After years of treating information like it was gasoline in a Mad Max movie, Feeding the Monster represents a frank and refreshing departure from that mindset, one that allowed Mnookin to write a book chocked full of quotations from key poeple in the organization, and to provide details of the Red Sox history that have too often been overlooked or ignored entirely. He dispels some of the myths that surround the Red Sox, like the one about how then-owner Harry Frazee sold Babe Ruth to the Yankees in 1919 in order to finance a play called "No, No Nanette" for exaple. A play that did not run until 1925. The popular notion of owner Tom Yawkey turns out to be a little naive as well. According to the National Baseball Hall of Fame, "The popular owner was a generous man and a leader among big league owners." and his HOF plaque lists among his qualifications, "RATED ONE OF SPORT'S FINEST BENEFACTORS. " That may be true, but he was also a petty, brash, brooding alcoholic who owned the Red Sox more as a way of vicariously living out his own failed athletic dreams than as some kind of altruistic service to the people of New England.
Fortunately, like Mark McGwire (and unlike the Red Sox for much of the last century), Mnookin doen't want to talk about the past, or at least he doesn't want to dwell on it for very long. He provides these facts as a background for the reader, to understand from whence this franchise has come, so that the reader can appreciate how difficult it was to enact such changes as they did when Tom Werner and John Henry bought the team and hired Larry Lucchino and Theo Epstein to be the faces of the team's front office.
Exorcising the Curse of the Bambino did not happen overnight, of course. But careful planning, well-considered free agent acquisitions, and some clever trades brought together a team that could compete, year-in and year-out. The offensive juggernaut they assembled, based largely on a Bill James-led statistical paradigm that valued on-base percentage and power above all else, set several records between 2003 and 2005, including becoming the only team in baseball history to score at least 900 runs in three straight years. In 2004, as you know, the stars aligned perfectly, and all the statistical analysis and gutsy moves (like picking up Curt Schilling, and trading away Nomar) paid off, as they won a championship for the first time ince the end of World War I.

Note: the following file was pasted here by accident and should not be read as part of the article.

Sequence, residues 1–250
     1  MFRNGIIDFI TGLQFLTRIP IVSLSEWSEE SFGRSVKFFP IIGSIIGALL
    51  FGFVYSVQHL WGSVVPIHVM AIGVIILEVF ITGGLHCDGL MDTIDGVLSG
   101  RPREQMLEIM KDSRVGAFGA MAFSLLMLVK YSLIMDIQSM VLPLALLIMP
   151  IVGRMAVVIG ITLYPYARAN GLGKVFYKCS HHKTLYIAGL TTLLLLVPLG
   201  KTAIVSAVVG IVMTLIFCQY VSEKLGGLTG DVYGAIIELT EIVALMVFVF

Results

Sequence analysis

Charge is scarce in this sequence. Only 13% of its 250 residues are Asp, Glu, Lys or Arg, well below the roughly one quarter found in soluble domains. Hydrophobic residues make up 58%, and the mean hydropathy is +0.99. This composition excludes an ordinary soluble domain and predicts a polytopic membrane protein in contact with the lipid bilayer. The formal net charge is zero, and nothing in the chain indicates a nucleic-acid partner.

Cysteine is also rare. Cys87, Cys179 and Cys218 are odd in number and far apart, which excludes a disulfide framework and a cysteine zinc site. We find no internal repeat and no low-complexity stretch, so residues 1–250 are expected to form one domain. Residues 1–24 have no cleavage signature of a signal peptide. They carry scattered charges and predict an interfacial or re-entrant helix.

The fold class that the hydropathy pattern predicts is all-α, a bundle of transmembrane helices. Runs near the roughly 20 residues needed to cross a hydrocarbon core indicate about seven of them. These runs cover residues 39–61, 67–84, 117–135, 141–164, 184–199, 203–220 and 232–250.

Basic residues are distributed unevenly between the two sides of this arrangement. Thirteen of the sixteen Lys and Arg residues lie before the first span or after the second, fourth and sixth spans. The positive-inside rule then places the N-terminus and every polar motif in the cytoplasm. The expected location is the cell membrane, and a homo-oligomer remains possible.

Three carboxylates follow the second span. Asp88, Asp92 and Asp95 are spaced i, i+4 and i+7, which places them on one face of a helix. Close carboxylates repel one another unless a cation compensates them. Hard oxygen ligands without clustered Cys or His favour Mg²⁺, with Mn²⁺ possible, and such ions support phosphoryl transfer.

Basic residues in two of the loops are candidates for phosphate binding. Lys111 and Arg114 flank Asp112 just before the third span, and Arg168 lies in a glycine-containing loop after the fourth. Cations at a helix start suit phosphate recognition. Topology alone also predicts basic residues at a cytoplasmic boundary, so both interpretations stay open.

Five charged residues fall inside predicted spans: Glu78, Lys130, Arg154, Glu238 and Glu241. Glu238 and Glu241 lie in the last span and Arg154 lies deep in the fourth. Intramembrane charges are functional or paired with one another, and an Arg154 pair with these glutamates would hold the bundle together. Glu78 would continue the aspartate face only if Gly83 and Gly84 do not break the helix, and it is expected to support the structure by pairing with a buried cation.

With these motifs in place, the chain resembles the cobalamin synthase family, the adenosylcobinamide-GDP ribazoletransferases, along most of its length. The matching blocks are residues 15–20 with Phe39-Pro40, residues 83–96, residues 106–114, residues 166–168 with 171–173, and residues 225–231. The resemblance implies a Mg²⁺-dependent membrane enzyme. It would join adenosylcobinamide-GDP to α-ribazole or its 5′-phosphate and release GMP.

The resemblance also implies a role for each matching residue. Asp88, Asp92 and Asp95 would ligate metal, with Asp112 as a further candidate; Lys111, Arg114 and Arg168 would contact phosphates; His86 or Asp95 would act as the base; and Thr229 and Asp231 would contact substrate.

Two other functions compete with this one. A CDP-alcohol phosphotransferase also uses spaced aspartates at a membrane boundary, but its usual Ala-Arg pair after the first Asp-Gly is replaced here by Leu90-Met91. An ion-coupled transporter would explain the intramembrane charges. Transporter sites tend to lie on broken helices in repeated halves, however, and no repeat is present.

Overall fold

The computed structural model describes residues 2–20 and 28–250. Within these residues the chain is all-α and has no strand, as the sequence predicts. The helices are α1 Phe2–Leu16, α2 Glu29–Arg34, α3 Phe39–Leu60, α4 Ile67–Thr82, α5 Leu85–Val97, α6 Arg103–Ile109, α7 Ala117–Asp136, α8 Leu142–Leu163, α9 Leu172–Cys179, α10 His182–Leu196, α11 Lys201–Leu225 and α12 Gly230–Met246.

But success, while it does seem to breed good team chemistry within a season, also seems to breed in-fighting and primadonnas the year after. Egos enlarged, but the clubhouse didn't, and the team's management suddenly found itself with a bunch of players who though more of themselves than was appropriate, simply because they'd been present when the Curse was broken. On the field, the pitching fell apart, but the offense was still very good, and they managed to hold on to win the Wild Card again in 2005, this time getting swept by the eventual World Champion Chicago White Sox in the Division Series. Worse yet, the Dan Shaunnessy-led Boston rumor mill made Larry Lucchino and Theo Epstein wonder about each others' loyalties, and their strained relationship eventually led to the boy-wonder GM refusing to return to the team after the 2005 season. That decision essentially hamstrung the team for the 2006 season, during which the Sawx finished lower than second place in the AL East for the first time since 1997, though that all happened after Mnookin published his book.
Without a working crystal ball to predict that result, Mnookin's book ends on a high note, projecting and predicting good things for the Boston franchise in 2006 and beyond. While he may have missed the mark a little on his 2006 prediction, Mnookin's general principle is spot-on: The Red Sox are under new management, with a new management style and a new approach to running the franchise that should consistently yield positive results for the Red Sox and their fans. If they keep to this model, there's no reason it should take another 86 years for Red Sox Nation to celebrate another World Championship.
And you would be a fool to wait even 86 minutes to read Feeding the Monster. Mnookin's fluid writing style and remarkably interesting subject matter make it almost impossible to put this book down, and his insightful quotes will help to offer you new perspectives on people you thought you understood already. Even if you're a Yankee fan, like me, you'll appreciate reading the opposition's game plan, if only so you can be prepared to counter it.